America’s fixation with Russia never seems to ebb, does it?
Russia is in the news every day in this era of ongoing investigations into Russian collusion in our presidential election processes.
Whether the Russians did or didn't, or to what extent they did (or didn't), we always seem to think (or assume) that whatever wrongdoing there is to do in the world, in opposition to the U.S. and our way of life, the Russians are probably the ones doing it.
The FX series “The Americans” reminds us that our national Russia fixation (for decades a Soviet Union fixation) has gone through many eras in many forms.
"The Americans" focuses on one of those eras -- the 1980s and the Cold War spycraft that characterized much of that decade in and around Washington.
This series ends its sixth and final season Wednesday night on FX as the then-new Soviet premiere, Mikhail Gorbachev, is moving toward easing tensions with the U.S. and the west, throwing the world of the show’s embedded Washington spies into turmoil.
As the finale gets underway, the spy couple Philip and Elizabeth Jennings (their adopted American names) are on the run from, among others, their neighbor, friend and FBI agent, Stan Beeman.
The final episode, which FX provided for preview, runs for more than an hour (90 minutes with commercials). Fans might debate whether this finale, and the fates and fortunes it sets up for all of the show’s principal characters, truly satisfies.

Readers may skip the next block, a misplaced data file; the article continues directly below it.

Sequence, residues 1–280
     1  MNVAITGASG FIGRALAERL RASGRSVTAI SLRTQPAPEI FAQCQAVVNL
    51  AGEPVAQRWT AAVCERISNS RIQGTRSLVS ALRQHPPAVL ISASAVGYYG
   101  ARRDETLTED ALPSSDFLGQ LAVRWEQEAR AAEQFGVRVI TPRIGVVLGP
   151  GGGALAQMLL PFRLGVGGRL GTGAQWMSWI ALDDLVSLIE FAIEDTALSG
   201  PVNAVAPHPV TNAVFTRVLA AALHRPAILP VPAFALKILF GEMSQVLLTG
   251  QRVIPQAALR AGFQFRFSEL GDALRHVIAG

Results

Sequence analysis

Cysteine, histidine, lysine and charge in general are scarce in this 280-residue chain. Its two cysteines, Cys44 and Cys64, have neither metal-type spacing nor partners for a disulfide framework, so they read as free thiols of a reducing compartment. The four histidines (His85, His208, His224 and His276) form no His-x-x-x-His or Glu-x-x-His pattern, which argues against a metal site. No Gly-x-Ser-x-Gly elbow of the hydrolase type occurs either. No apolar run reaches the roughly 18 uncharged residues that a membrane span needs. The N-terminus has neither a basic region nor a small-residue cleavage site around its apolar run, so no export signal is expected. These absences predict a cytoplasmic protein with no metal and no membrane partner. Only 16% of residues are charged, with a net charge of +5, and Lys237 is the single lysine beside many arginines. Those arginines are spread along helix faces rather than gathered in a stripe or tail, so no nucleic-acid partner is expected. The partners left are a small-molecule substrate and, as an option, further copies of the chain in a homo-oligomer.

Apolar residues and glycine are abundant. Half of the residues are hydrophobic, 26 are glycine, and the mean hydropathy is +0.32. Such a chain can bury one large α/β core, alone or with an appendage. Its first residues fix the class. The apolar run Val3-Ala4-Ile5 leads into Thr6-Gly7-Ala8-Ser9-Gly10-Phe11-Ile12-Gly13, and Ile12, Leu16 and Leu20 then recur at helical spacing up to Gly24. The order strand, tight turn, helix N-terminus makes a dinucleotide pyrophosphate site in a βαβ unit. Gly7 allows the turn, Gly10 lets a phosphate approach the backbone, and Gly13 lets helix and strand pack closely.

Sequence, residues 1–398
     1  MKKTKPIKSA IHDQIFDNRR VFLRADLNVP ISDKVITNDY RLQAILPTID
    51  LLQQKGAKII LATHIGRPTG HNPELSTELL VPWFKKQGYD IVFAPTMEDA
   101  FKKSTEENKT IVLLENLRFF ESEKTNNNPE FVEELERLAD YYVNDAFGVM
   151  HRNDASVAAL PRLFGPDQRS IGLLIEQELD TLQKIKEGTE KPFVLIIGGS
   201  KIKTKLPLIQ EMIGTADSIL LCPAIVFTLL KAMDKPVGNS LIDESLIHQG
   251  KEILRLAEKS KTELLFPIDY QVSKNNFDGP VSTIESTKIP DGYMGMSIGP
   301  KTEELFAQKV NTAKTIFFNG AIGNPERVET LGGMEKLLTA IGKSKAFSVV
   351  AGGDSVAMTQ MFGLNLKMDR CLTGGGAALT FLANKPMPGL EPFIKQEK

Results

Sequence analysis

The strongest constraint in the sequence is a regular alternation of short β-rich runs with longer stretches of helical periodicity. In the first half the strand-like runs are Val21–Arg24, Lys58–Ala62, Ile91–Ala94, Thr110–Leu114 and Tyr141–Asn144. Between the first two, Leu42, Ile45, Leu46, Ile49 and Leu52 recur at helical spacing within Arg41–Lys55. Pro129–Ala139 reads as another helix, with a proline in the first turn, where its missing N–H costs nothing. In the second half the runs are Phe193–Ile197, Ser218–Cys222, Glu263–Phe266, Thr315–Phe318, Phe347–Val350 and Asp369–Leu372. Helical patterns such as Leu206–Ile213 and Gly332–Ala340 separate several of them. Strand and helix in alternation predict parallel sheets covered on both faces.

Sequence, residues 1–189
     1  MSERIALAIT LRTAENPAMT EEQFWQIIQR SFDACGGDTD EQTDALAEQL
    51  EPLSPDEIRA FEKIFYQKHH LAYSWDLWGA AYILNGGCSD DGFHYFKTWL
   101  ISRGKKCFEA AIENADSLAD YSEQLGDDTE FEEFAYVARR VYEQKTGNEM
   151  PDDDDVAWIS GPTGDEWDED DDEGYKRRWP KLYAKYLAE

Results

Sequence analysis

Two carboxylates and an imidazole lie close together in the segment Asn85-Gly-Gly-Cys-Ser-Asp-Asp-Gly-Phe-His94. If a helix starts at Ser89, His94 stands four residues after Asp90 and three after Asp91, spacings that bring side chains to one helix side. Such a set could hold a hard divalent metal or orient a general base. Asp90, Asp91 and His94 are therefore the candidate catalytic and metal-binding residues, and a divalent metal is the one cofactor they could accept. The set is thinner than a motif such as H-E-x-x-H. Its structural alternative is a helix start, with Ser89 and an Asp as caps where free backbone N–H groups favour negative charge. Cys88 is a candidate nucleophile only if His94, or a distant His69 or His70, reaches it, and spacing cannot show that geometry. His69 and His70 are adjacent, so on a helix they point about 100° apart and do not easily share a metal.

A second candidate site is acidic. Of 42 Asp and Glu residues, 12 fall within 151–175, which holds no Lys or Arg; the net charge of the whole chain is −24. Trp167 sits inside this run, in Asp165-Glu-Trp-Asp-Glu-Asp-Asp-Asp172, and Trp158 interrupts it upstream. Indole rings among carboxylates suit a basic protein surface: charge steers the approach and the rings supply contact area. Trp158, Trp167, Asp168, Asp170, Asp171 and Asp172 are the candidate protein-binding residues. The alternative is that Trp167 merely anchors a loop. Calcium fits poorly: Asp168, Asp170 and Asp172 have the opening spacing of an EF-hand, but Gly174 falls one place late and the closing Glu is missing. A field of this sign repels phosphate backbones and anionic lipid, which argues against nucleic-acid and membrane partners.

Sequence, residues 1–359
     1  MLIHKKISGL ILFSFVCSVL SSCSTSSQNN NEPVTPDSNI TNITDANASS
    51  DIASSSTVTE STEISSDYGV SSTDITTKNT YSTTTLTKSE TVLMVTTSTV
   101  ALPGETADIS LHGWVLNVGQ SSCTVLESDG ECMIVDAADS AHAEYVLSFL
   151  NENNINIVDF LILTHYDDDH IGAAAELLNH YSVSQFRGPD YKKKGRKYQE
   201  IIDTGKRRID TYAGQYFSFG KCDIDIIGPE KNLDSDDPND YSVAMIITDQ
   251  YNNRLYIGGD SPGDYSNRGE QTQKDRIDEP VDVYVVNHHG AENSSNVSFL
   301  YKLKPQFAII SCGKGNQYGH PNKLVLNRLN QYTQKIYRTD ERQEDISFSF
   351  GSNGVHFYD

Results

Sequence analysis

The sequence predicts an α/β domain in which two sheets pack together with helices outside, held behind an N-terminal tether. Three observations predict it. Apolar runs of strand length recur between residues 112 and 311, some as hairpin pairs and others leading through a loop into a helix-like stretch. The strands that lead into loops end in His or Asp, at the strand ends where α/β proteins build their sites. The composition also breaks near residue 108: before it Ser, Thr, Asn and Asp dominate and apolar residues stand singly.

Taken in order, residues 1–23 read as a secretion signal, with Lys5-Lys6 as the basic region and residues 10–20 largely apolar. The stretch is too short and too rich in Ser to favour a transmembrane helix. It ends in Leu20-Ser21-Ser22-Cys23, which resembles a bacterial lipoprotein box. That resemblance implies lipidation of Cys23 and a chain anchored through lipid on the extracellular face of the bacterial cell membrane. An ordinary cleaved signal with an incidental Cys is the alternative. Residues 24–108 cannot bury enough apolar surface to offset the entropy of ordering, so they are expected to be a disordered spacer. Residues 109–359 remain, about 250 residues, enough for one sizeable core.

The best parts of “The Americans” were the performances by Matthew Rhys and Keri Russell as the Soviet-spy couple and Noah Emmerich as their FBI neighbor.
For me, other aspects of the show were puzzling, if not exasperating. Chief among these was the decision made at the beginning of production on this show to film it mainly in and around New York, and expect New York's neighborhoods to stand in seamlessly for Washington, D.C. and its environs.
But for those of us who live in New York, and presumably those who live in the Washington area too, accepting streets and neighborhoods we know well as Washington locales is impossible. They just do not look the same.
It reminds me of the vogue 20 or 30 years ago for filming movies and TV shows in Canadian cities such as Vancouver and expecting viewers to believe they were taking place in New York. Why “The Americans” couldn't set up shop in Washington at the outset was something I never understood.
Speaking of locations that make no sense, at one point in the “Americans” finale, an Amtrak train is filmed from above to indicate a leg of the couple’s escape plan. Then, a second later, they are shown to be riding in a train operated by Metro-North, the train line serving New York's northern suburbs. The train even says so -- “Metro-North” -- right on the side of it.
On this show, the train takes the couple all the way to the Canadian border, which is some neat trick for a Metro-North train. Oh well, maybe this contradiction in rail travel is fixed somehow in the final cut airing Wednesday night.
Despite these production flaws, “The Americans” was always compelling to watch, and the finale is no different.
The playing of a U2 song at one point in the final episode is a nice touch too -- evoking not only the ’80s but the Cold War itself in the name of this Irish band that took their name from an enduring symbol of the long standoff between the U.S. and Soviet Union.
That standoff is alive and well today, even if the world of “The Americans” is long gone.
The series finale of “The Americans” airs Wednesday night (May 30) at 10 Eastern on FX.